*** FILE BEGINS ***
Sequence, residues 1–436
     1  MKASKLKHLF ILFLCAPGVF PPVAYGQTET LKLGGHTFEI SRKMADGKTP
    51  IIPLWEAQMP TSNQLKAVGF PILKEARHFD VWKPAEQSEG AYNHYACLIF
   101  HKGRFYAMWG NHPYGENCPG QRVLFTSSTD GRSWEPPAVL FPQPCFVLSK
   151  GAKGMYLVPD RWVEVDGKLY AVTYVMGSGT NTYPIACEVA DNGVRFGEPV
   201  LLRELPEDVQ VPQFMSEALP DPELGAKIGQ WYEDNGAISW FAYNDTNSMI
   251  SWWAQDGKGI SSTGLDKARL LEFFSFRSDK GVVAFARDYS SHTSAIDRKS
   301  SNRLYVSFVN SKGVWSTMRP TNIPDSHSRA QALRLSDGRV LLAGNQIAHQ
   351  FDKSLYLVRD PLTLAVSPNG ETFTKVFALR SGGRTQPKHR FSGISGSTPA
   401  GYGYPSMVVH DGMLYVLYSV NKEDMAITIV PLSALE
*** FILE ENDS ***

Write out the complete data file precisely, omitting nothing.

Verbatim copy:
Sequence, residues 1–436
     1  MKASKLKHLF ILFLCAPGVF PPVAYGQTET LKLGGHTFEI SRKMADGKTP
    51  IIPLWEAQMP TSNQLKAVGF PILKEARHFD VWKPAEQSEG AYNHYACLIF
   101  HKGRFYAMWG NHPYGENCPG QRVLFTSSTD GRSWEPPAVL FPQPCFVLSK
   151  GAKGMYLVPD RWVEVDGKLY AVTYVMGSGT NTYPIACEVA DNGVRFGEPV
   201  LLRELPEDVQ VPQFMSEALP DPELGAKIGQ WYEDNGAISW FAYNDTNSMI
   251  SWWAQDGKGI SSTGLDKARL LEFFSFRSDK GVVAFARDYS SHTSAIDRKS
   301  SNRLYVSFVN SKGVWSTMRP TNIPDSHSRA QALRLSDGRV LLAGNQIAHQ
   351  FDKSLYLVRD PLTLAVSPNG ETFTKVFALR SGGRTQPKHR FSGISGSTPA
   401  GYGYPSMVVH DGMLYVLYSV NKEDMAITIV PLSALE